2. Contact the patient (if not anonymous). Ask if there is any way to make it right for him. If you convert him into a happy patient, you can request that he delete the negative review.
  3. Private message (if anonymous). Many review websites allow you to send a private message to the reviewer. If the reviewer is anonymous, it’s best to send a private message, explain the situation, and promise to make it right. Ask the reviewer to contact you. If the patient isn’t reachable, comment on the review yourself. Take the high road—kill them with kindness, as my mother used to say. Accept responsibility for the problem and outline steps that have been taken to improve it.
  4. Don’t get into discussions or arguments with the patient. It will not reflect well on you and it will be open for everyone to read. Also, do not get into the specifics of your patient’s condition. You should always have HIPAA compliance in mind when commenting on a review.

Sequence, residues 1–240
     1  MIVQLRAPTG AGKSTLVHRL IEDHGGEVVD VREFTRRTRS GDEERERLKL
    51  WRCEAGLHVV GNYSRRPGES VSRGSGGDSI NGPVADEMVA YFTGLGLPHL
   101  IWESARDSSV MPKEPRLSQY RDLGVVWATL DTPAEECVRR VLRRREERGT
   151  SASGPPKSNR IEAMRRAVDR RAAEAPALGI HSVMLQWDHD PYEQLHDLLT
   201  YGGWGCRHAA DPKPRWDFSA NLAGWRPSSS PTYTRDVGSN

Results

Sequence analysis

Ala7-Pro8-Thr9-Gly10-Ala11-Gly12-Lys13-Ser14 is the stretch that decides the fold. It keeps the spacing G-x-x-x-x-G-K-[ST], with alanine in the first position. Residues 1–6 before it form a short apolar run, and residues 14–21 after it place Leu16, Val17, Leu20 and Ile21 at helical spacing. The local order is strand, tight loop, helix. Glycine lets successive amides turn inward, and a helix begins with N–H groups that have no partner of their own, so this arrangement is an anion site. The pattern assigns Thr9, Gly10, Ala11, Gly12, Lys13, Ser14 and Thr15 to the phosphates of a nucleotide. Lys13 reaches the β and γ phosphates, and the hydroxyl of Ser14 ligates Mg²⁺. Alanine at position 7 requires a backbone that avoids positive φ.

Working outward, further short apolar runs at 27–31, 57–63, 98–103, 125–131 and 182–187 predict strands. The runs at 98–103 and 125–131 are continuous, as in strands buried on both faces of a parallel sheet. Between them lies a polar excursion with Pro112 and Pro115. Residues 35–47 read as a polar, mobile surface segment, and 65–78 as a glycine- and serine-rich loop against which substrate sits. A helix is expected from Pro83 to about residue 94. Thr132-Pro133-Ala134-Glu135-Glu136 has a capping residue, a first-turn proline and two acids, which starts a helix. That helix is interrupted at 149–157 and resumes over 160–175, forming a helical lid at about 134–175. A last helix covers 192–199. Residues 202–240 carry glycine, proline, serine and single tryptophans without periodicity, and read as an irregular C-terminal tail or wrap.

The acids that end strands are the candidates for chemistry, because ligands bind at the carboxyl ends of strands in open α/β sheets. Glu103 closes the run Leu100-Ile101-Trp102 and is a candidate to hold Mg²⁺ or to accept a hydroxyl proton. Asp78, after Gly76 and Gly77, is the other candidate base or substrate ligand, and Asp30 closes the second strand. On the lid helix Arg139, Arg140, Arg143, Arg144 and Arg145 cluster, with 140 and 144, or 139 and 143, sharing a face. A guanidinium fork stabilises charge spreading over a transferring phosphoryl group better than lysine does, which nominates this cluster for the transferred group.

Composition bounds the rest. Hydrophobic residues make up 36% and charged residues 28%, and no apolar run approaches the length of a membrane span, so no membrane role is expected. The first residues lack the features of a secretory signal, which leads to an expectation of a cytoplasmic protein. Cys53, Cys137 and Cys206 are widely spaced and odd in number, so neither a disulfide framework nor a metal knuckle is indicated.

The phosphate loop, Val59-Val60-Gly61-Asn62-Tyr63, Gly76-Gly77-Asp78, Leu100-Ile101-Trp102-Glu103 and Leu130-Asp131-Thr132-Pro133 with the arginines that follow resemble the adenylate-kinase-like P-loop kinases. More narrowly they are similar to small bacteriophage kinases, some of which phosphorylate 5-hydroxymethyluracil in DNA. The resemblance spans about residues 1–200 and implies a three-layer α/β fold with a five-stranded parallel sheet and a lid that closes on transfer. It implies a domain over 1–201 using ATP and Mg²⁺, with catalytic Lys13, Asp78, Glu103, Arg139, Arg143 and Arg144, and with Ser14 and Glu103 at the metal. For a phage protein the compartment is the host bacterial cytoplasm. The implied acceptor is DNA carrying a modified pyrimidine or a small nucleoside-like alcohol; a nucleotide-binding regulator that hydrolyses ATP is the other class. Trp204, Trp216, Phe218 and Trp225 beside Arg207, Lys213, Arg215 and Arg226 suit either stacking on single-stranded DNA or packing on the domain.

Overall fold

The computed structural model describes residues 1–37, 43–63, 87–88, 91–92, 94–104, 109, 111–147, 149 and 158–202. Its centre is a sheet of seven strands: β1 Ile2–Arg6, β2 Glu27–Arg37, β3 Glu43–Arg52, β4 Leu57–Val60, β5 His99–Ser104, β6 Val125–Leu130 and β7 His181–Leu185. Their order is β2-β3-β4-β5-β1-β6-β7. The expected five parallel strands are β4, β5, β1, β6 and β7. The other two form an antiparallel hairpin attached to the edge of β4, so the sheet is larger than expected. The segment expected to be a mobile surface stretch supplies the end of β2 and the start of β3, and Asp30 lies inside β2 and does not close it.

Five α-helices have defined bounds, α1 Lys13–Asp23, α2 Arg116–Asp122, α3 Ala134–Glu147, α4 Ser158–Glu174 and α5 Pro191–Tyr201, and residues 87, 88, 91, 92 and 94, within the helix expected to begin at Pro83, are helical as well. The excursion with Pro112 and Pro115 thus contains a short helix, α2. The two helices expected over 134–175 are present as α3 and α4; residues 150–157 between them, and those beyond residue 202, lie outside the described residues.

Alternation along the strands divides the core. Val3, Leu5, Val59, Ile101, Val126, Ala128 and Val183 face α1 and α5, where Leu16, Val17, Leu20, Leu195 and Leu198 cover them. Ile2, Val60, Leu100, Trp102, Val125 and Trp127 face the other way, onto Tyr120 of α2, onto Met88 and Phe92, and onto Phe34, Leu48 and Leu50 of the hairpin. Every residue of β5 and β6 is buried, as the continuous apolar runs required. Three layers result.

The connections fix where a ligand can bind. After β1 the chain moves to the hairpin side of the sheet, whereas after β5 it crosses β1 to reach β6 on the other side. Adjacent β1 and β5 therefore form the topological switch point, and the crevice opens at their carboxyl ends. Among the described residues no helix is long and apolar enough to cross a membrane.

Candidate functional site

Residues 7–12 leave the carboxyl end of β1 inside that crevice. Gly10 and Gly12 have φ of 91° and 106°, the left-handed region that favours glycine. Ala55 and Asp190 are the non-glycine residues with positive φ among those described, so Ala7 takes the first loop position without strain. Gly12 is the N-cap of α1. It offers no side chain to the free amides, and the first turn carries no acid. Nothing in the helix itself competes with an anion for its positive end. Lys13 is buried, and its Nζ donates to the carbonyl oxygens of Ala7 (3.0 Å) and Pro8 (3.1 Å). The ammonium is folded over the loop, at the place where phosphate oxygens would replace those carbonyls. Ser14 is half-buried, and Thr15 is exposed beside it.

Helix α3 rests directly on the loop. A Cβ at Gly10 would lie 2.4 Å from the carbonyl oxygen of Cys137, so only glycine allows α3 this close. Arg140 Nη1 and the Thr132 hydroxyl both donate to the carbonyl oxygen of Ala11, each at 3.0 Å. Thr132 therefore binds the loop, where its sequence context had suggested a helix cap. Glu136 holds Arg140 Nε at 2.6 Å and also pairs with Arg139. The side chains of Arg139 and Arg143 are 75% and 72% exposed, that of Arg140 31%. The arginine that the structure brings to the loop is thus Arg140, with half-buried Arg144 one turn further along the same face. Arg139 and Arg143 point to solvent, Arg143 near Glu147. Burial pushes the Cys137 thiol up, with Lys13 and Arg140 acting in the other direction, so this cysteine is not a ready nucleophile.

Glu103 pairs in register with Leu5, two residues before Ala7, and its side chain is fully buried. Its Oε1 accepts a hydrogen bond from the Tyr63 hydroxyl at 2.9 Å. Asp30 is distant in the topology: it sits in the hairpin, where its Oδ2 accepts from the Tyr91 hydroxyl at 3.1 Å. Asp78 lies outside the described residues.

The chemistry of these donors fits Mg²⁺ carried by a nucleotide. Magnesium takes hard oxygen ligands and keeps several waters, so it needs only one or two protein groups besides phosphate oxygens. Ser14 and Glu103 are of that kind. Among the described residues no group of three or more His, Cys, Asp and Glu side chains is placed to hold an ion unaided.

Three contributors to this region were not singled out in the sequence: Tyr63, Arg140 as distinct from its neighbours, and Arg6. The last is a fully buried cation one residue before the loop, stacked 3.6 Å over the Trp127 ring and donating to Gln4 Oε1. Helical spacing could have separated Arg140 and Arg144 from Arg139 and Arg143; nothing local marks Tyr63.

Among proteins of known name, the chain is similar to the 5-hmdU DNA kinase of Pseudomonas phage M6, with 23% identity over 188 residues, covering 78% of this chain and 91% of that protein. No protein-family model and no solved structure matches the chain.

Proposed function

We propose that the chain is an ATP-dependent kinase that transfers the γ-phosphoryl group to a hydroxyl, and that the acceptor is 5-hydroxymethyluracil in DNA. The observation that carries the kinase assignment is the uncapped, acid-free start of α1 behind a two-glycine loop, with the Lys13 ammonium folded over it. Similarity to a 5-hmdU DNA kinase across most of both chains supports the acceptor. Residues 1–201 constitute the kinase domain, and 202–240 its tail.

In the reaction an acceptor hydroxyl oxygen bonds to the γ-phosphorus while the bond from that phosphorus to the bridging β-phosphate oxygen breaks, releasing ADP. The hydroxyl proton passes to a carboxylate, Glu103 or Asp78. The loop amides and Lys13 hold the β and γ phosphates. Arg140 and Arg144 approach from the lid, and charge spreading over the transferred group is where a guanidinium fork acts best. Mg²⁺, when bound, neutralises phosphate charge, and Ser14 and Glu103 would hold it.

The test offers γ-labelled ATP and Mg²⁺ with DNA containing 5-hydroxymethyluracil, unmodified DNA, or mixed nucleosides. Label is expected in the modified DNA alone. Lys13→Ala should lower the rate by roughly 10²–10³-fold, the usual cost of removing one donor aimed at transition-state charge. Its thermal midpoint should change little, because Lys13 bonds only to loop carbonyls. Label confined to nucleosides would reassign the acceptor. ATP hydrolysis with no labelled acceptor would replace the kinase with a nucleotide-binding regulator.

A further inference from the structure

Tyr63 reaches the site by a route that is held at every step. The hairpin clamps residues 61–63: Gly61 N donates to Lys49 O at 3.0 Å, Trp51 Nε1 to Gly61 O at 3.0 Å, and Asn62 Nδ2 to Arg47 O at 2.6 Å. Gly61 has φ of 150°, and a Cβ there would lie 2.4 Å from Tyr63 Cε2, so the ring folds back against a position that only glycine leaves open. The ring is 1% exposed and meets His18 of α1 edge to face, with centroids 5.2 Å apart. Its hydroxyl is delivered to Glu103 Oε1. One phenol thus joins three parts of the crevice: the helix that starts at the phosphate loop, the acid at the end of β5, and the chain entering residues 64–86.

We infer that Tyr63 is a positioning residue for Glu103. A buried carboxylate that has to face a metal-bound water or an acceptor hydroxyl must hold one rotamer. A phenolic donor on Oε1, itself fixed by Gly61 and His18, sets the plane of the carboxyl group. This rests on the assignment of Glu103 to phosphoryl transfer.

5. Appreciate the knowledge. You’re always better off knowing when you’ve fallen short. Equipped with this knowledge, you now have the opportunity to improve patient satisfaction and garner more referrals.

Encouraging Positive Reviews

Based on what you have learned from the negative review, concentrate your time and energy on receiving more positive reviews from your happy patients (you should always have a process to ask for reviews from satisfied patients). An increase in positive reviews will bury your negative reviews.

If the negative review is inaccurate:

  1. Think again. Is the review really inaccurate or unjustified? Though it’s difficult to accept negative comments, especially if we’re not used to hearing feedback from patients, try to separate from your emotions to gain a clear head.
  2. Contact the patient (if not anonymous). Find out what bothered them. Maybe it was a miscommunication or a misunderstanding that you can resolve. Explain your side of the story and politely ask the patient to remove the post. If anonymous, private message them and explain.